PATTERNS

The Open Business Agility Patterns and Practices

Enterprise Business Agility is not really possible without the use of Open patterns and practices.

Open patterns and practices improve employee engagement scores, and results. Employee engagement is where lasting enterprise-level improvement really comes from.

The Eight Patterns of Open Business Agility help this to happen, and as such, they represent the future of work:

Here are those same eight patterns, with expanded details:

Here is a brief description of each of the eight patterns of Open Business Agility. The outer ring of each diagram contains a list of methods and practices that express the core pattern:

Leadership Invitation: Open patterns use an opt-in “pull” approach rather than an imposition-based “push” approach to manifest and maintain enterprise-level change. Practices include Open Space Technology, Inviting Leadership and No-Limits Self Management:

Proceeding by Explicit Agreement: An organization of individuals is largely defined by the expressed and implied agreements that those individuals enter into. Open patterns and practices make those agreements explicit. Practices include Sociocracy, Scrum and the Agendashift engagement model:

Clarity of Authorization: In the Open approach, the delegation of responsibility always includes the clear and explicit delegation of the authority that is actually needed to deliver. Clarity of Authorization rolls up several other patterns: Explicit Agreement, Leadership Invitation, and Clear Delegation of Authority.

Boundary Management: Especially with respect to authority and authorization, when using Open patterns and practices, essential boundaries are clearly defined by executive leaders. These boundaries are open enough to generate self-organization and are explicitly communicated and carefully maintained. Boundary Management domains include Time, Task and Territory.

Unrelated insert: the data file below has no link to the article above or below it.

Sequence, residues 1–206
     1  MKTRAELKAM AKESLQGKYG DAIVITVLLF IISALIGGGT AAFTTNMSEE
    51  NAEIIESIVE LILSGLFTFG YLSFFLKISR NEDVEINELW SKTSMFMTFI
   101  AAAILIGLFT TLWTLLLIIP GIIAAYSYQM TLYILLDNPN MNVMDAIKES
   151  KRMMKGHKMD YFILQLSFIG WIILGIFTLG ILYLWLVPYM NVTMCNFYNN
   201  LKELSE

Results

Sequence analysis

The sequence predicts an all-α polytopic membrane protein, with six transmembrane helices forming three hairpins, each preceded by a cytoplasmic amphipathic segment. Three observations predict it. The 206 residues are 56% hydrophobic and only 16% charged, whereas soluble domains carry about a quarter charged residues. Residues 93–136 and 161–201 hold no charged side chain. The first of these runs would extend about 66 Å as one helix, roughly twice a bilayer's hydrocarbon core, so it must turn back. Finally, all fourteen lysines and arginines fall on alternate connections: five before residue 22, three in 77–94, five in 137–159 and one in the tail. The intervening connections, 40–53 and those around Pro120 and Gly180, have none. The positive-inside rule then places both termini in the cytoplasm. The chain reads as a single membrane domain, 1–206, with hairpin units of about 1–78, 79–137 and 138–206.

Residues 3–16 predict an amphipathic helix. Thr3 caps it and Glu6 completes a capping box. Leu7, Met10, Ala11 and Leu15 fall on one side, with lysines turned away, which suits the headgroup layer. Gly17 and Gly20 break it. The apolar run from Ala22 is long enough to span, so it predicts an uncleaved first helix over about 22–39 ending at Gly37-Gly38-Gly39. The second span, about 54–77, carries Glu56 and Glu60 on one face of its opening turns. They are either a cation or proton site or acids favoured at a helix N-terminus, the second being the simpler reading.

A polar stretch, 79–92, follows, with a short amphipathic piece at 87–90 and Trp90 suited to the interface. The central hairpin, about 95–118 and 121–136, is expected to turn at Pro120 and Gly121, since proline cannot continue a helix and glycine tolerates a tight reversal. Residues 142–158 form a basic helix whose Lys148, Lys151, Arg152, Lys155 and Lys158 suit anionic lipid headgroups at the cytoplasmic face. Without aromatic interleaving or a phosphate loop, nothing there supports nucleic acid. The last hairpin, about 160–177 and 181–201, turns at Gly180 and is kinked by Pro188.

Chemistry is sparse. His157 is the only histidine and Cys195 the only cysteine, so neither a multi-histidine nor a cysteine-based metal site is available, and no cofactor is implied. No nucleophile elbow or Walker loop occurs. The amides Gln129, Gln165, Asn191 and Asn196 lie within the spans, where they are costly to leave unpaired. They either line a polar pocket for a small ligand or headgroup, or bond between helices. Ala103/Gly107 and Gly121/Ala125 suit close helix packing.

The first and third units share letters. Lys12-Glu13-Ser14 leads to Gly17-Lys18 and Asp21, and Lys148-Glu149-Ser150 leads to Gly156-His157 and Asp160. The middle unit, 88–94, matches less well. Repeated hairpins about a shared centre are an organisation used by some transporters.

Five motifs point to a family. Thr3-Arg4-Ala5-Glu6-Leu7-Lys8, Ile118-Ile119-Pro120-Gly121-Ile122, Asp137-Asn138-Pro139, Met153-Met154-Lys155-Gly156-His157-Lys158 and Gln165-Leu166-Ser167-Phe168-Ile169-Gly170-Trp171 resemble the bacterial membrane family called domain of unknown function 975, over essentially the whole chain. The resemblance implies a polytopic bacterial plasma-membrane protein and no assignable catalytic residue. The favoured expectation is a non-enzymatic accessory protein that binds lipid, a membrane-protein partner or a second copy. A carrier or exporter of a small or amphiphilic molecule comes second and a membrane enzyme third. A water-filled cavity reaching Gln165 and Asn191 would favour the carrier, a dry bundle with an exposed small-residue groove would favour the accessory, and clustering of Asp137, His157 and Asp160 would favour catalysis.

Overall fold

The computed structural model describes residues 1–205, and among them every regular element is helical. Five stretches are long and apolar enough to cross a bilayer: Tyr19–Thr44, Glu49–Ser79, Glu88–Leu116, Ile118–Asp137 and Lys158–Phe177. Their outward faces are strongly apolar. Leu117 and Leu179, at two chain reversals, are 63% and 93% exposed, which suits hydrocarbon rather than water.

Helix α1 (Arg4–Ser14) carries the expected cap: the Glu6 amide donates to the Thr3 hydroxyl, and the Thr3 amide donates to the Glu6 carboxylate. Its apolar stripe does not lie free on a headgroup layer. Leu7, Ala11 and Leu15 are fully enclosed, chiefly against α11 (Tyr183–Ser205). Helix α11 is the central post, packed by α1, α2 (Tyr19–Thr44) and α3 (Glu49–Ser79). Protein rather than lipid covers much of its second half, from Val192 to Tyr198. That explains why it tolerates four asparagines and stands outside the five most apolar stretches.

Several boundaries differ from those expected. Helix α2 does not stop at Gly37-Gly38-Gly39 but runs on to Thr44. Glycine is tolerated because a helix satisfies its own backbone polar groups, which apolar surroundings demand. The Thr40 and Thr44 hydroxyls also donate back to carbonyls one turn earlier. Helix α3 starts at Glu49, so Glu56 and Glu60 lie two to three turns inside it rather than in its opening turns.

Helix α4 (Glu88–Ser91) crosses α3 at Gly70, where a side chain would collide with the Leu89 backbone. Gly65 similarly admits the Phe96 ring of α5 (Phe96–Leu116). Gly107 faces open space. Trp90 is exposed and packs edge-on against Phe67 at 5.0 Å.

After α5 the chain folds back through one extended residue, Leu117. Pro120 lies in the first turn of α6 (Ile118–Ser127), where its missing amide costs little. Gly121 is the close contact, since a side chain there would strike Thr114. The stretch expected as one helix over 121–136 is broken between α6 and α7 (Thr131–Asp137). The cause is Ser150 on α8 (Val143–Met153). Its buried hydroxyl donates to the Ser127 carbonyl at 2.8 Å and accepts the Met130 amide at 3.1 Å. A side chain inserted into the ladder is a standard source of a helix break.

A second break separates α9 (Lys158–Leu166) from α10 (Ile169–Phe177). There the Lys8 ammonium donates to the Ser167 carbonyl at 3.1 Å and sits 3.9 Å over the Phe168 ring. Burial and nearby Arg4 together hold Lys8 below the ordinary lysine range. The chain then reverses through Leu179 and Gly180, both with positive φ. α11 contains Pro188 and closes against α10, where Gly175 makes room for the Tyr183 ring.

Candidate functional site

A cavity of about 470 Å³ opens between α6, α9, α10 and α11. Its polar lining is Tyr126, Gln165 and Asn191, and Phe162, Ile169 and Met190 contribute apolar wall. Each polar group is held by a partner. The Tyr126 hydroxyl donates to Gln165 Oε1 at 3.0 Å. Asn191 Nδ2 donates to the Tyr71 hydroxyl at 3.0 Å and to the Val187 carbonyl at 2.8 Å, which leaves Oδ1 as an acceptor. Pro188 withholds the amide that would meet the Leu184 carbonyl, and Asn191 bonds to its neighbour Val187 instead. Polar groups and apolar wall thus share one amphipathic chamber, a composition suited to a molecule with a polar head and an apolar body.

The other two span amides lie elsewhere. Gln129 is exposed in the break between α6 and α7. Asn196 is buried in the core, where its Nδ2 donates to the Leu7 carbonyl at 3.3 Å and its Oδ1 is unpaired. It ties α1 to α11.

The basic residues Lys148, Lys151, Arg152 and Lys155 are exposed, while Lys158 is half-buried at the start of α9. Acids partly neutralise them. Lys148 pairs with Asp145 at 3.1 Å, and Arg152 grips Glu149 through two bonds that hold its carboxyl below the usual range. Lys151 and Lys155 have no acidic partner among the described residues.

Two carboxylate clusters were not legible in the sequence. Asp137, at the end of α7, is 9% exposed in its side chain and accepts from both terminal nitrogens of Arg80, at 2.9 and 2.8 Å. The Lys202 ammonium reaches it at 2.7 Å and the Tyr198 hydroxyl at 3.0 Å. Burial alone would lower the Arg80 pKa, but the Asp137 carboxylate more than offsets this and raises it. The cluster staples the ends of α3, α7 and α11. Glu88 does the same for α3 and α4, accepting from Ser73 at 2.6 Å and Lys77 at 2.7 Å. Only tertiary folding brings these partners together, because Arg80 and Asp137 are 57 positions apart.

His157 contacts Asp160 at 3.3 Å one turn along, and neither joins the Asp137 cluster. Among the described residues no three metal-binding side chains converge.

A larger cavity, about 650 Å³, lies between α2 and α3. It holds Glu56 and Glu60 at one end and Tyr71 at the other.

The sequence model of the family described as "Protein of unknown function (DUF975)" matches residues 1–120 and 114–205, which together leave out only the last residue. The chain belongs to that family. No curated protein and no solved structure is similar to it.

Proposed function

Use of Interaction Protocols: Open approaches clarify communication and understanding through protocols, which are small, shared agreements about how essential interactions are structured. Protocols enhance clarity of communication. Practices include NVC, Clean Language and the Core Protocols.

Whole-Group Process: Open approaches favor whole-group process over closed-door dialogue. To the maximum extent possible, the Open approach favors “getting the whole system in the room” to validate assumptions, gauge overall group readiness, and obtain validated, org-level alignments before proceeding. Practices include OpenSpace Agility, and meeting designs like Open Space Technology and Authority Circle.

Empirical Approach: Organizations are more like living systems than they are like machines. Acknowledging this reality includes recognizing the need for frequent iterations of experimentation and “learning by doing.” Practices include Agile practices such as Scrum and Kanban, and empirical coaching approaches such as Fail Agility and The Agile Open Practitioner.

Common Knowledge: Often associated with transparency, common knowledge is up-to-date shared information that everyone in the organization knows. The generation of common knowledge is essential to coordinating very large groups at scale. Practices that enable Common Knowledge always have a whole-group aspect. The communication of values and principles, communication transparency and Open leadership practices like Open Space build Common Knowledge.

Each of these patterns can be satisfied with any number of practical approaches. Useful practices embody fundamentally useful patterns, patterns that enable great work and great group process.

Get the patterns right and your practices take care of themselves!

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